Nearly 10 million people admitted to driving under the influence of illicit drugs in the 2013 National Survey on Drug Use and Health, a report issued by the U.S. Department of Health and Human Services.
Like drunk driving, “drugged” driving is a serious problem that puts drivers, their passengers and other motorists at risk. I supported Senate legislation signed into law this summer to help keep these dangerous drivers off the road.
Public Acts 242 and 243 of 2016 create a one-year pilot program in five counties to allow law enforcement officers trained as drug recognition experts to conduct roadside drug testing. Drivers stopped under probable cause will be administered a saliva test for the presence of certain controlled substances. The procedure is similar to that of a breathalyzer test for alcohol.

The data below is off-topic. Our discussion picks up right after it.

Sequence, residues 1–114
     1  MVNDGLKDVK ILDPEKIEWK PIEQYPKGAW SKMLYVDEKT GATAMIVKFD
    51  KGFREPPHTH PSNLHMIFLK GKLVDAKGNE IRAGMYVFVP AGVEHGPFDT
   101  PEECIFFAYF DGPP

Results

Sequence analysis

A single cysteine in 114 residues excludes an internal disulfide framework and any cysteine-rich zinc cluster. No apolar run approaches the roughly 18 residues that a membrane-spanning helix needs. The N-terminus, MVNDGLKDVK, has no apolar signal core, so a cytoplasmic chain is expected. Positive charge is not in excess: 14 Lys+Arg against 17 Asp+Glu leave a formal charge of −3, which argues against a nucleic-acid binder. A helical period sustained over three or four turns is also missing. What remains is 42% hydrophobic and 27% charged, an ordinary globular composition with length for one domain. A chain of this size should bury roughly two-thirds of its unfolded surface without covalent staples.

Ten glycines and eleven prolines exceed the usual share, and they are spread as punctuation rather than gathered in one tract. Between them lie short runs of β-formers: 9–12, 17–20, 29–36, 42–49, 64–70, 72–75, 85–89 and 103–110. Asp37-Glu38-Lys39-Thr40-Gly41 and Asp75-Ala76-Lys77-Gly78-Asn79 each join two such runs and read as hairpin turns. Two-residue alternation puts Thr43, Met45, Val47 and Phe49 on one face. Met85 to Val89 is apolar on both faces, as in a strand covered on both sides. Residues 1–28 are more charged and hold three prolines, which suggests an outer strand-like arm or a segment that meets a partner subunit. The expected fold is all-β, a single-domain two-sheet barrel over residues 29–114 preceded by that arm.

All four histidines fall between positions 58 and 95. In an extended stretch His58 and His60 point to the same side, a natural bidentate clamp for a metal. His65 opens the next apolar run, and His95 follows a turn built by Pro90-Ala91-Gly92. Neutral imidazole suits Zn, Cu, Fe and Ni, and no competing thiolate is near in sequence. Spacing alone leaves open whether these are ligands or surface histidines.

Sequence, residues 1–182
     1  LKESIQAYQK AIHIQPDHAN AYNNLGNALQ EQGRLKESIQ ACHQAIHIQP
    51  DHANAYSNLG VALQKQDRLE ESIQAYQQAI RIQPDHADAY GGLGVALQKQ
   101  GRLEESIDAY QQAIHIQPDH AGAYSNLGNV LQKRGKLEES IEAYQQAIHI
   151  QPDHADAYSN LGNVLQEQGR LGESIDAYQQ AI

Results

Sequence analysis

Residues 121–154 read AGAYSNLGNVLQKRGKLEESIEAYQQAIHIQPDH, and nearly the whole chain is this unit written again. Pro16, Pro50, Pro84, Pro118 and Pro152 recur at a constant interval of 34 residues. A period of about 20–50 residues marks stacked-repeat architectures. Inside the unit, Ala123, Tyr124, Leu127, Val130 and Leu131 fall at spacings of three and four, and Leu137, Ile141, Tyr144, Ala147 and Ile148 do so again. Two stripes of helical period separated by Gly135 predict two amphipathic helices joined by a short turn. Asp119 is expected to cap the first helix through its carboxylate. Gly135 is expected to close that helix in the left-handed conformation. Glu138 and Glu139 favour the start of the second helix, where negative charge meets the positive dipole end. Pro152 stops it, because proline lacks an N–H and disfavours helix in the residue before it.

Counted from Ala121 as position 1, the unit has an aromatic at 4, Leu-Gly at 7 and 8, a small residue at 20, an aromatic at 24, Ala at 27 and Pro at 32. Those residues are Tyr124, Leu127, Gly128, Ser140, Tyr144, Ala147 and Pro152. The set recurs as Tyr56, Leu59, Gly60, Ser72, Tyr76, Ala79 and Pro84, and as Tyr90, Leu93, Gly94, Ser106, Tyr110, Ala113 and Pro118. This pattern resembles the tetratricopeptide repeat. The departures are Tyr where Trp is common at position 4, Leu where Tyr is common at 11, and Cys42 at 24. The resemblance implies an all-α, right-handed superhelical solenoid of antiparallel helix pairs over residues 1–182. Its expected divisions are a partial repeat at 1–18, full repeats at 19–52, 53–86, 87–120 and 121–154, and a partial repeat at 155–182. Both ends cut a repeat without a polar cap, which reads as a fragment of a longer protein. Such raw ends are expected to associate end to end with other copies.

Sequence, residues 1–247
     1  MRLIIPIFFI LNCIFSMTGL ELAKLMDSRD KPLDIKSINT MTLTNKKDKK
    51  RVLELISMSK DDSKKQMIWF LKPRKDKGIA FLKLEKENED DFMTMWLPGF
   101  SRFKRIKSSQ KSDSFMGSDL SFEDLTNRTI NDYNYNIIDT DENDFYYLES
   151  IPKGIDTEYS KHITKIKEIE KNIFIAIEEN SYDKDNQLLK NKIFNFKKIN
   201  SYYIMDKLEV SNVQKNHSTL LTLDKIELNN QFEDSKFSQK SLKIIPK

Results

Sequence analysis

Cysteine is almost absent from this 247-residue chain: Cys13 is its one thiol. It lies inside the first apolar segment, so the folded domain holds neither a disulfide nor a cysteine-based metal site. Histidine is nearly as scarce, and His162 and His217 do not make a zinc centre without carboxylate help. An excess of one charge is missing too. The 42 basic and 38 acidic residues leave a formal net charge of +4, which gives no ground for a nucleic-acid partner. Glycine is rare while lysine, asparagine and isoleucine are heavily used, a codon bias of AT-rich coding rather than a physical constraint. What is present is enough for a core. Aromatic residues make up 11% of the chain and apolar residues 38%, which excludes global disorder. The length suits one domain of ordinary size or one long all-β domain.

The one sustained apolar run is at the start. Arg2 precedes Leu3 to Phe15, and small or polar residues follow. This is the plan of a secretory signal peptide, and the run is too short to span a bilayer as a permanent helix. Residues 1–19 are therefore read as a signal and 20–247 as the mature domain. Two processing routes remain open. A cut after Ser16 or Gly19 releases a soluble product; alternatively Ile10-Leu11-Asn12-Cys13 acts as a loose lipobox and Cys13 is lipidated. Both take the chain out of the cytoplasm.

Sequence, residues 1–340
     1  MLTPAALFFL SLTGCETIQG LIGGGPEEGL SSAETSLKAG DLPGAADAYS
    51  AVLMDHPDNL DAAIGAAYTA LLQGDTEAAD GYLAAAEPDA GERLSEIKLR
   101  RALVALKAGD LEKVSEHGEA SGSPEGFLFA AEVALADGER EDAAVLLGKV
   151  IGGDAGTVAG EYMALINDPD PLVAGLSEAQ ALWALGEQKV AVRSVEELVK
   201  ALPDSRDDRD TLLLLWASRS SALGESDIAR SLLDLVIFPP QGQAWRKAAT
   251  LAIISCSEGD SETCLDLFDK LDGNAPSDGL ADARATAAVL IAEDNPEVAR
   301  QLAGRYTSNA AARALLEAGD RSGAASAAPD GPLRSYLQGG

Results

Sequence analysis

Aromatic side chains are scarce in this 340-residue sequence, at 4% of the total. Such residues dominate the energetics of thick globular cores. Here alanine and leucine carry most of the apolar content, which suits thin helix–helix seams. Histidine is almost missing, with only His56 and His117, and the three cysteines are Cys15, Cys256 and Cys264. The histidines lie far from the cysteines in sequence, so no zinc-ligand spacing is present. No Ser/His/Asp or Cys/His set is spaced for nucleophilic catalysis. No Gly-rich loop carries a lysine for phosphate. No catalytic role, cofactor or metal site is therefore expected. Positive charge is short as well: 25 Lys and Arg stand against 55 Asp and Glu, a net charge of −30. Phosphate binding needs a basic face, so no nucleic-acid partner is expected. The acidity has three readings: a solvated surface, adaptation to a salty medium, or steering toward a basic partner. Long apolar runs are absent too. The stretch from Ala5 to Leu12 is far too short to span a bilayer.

The new laws are scheduled to take effect Sept. 22, 2016.